A train filled is crossing the country, bringing art installations and live music to stations in eight cities. The project, organized by artist Doug Aitken, is called Station to Station, and it stopped Tuesday night (Sept. 10) at Chicago’s Union Station. This presented a rare opportunity to see a concert and other artistic happenings inside this building’s towering civic space. Art installations were arranged inside yurts. Short experimental films were projected. The rock band No Age set up drums and guitar amps on the train station floor and played a set of ambient drone music.
The sound of drums and horns suddenly came from another direction — up in a balcony overlooking the main hall. That was the Rich South High School marching band, which proceeded down to the main floor. And then, just as the drummers and cheerleaders were exited, the redheaded sibling duo White Mystery began making a noisy garage-rock racket on the main stage. Three screens were arranged behind the stage, allowing for some striking visuals as the musical acts performed in front of sweeping landscapes and other imagery.
Accompanied by drummer John Moloney, Thurston Moore opened his set with an old Sonic Youth song, “Schizophrenia,” which sounded intriguingly skeletal with just the one guitar. The power went out on Moore’s guitar amps a couple of times during the set, but he managed to play some new and old material.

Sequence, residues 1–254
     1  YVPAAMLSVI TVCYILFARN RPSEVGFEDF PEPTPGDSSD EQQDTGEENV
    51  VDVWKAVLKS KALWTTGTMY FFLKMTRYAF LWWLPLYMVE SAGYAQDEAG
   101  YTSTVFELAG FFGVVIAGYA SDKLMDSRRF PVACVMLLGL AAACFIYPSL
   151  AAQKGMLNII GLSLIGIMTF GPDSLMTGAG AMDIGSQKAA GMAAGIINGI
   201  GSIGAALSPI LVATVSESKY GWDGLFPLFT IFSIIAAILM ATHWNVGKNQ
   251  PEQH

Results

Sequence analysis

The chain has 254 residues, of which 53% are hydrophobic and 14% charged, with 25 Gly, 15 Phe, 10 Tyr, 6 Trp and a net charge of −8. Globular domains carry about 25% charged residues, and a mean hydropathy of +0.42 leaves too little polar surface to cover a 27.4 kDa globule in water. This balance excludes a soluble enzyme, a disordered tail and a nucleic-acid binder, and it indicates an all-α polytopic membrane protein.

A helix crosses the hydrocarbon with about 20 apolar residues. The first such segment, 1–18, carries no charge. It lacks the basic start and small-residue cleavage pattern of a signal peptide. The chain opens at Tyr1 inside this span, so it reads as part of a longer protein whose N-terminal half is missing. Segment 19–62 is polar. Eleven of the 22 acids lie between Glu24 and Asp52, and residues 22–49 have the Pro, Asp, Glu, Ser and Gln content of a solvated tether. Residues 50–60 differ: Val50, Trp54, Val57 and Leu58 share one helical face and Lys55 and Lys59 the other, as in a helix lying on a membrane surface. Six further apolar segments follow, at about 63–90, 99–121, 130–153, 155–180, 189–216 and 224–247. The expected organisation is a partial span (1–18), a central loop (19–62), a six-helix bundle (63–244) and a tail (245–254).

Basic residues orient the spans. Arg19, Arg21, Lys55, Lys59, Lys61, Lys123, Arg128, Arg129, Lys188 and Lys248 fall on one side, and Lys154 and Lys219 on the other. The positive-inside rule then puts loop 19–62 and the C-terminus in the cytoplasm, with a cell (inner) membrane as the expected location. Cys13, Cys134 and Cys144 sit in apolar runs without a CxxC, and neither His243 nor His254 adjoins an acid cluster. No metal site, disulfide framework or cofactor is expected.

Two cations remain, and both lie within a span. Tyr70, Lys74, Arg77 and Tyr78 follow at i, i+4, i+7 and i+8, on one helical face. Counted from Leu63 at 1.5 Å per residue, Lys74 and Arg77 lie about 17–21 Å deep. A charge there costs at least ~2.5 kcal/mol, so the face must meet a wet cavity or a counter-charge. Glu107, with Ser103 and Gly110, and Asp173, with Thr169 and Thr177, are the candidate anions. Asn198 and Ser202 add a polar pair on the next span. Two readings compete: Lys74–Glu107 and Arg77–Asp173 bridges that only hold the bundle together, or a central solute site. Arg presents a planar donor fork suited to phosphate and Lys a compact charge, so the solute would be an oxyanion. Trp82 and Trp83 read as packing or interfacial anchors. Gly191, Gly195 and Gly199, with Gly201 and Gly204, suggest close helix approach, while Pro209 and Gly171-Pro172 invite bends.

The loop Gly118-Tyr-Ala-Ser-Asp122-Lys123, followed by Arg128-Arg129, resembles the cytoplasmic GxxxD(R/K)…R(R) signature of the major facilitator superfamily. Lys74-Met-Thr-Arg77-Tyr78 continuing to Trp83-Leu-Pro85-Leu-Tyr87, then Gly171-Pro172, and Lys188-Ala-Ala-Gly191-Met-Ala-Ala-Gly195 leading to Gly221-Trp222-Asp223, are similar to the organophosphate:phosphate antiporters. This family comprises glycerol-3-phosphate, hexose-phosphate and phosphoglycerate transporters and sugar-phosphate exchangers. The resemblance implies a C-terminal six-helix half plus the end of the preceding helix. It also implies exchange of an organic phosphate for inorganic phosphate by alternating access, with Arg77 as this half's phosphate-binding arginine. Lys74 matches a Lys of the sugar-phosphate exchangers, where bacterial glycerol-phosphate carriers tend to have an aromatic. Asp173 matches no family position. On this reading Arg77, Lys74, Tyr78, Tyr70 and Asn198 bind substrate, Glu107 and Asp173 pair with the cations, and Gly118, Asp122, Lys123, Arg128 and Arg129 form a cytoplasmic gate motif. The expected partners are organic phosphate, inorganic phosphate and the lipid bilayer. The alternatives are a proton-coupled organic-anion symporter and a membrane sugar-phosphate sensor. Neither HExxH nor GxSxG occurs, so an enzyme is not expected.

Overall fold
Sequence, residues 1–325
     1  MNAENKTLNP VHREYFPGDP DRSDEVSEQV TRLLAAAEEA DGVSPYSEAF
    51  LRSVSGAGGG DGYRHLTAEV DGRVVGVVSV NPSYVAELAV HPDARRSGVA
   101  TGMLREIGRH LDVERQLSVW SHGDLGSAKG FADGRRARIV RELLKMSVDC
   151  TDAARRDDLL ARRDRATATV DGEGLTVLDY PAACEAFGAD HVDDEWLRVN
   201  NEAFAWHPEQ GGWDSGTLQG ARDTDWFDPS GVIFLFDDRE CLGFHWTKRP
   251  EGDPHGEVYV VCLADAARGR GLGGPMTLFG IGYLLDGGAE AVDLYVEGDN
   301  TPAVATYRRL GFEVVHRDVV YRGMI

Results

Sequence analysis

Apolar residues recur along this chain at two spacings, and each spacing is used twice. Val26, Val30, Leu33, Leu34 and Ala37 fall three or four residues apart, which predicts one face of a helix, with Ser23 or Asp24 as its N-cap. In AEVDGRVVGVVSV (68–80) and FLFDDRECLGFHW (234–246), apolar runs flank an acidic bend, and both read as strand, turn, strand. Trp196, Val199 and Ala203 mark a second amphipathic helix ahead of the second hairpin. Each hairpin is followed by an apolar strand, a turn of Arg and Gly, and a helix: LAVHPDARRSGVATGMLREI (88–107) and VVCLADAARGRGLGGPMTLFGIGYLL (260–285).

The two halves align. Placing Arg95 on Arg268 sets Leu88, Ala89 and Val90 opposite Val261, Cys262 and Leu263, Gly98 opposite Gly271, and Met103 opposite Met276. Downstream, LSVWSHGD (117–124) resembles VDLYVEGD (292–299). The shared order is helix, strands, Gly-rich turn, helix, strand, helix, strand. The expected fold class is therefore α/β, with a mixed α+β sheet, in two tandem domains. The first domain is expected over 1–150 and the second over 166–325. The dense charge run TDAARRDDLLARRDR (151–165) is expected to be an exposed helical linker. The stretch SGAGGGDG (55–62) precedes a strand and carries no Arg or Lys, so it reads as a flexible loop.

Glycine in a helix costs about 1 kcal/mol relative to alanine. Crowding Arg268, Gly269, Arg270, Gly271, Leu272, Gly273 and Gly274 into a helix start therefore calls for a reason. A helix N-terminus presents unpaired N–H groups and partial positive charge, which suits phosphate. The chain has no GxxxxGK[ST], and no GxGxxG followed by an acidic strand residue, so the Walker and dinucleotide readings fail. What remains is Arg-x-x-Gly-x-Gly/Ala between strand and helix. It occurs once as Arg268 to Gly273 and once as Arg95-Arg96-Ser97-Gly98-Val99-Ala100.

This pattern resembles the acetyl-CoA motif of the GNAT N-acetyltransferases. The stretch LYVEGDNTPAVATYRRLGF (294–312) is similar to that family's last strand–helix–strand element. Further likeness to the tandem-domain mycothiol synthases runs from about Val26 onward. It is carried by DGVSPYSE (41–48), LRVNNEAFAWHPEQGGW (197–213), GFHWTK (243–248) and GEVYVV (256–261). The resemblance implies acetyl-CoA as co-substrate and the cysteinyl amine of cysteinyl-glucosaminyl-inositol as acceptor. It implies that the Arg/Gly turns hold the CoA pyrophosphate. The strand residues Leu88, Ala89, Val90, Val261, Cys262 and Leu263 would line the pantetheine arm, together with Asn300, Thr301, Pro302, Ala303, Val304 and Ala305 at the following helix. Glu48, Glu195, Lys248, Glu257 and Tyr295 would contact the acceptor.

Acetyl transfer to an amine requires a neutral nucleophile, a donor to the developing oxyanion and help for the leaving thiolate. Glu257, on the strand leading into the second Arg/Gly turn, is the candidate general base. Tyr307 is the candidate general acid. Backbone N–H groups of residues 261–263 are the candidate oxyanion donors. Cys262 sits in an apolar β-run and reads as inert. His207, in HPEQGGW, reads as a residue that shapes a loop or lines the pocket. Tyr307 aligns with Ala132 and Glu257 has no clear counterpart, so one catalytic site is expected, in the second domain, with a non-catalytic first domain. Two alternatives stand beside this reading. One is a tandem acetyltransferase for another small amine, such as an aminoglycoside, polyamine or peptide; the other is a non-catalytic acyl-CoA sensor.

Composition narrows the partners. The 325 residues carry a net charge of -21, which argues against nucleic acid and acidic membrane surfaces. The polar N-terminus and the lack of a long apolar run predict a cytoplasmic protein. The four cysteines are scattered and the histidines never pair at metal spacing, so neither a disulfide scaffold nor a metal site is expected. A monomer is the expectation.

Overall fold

The Chicago multimedia artist Theaster Gates led his “experimental music ensemble,” the Black Monks of Mississippi, which his website describes as “performers who harmonize the Eastern ideals of melodic restraint with the spirit of gospel in the Black Church and soul of the Blues genre deeply rooted in the American musical tradition.” On this night in the train station, they made some beautiful sounds.
Mavis Staples was a late addition to the schedule for Chicago’s Station to Station event, and her performance was a wonderful way to cap off the night. The set was similar to the one she played four nights earlier at the Hideout Block Party, but she changed up a few songs. One nice addition was her lovely version of the Low song “Holy Ghost.” And she extended “Freedom Highway,” letting the band vamp at the end of the classic civil rights song written by her father, Pops Staples. Recalling Martin Luther King and his words, Mavis Staples seemed almost overcome with emotion for a moment as she declared that she is still here.